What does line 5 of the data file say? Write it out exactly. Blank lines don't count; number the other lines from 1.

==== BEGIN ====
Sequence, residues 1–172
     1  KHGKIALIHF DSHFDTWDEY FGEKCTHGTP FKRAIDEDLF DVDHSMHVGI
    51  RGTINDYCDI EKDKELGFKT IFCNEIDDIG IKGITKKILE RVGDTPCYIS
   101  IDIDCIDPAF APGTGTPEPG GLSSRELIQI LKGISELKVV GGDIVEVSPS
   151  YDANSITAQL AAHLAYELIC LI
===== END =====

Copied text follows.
   151  YDANSITAQL AAHLAYELIC LI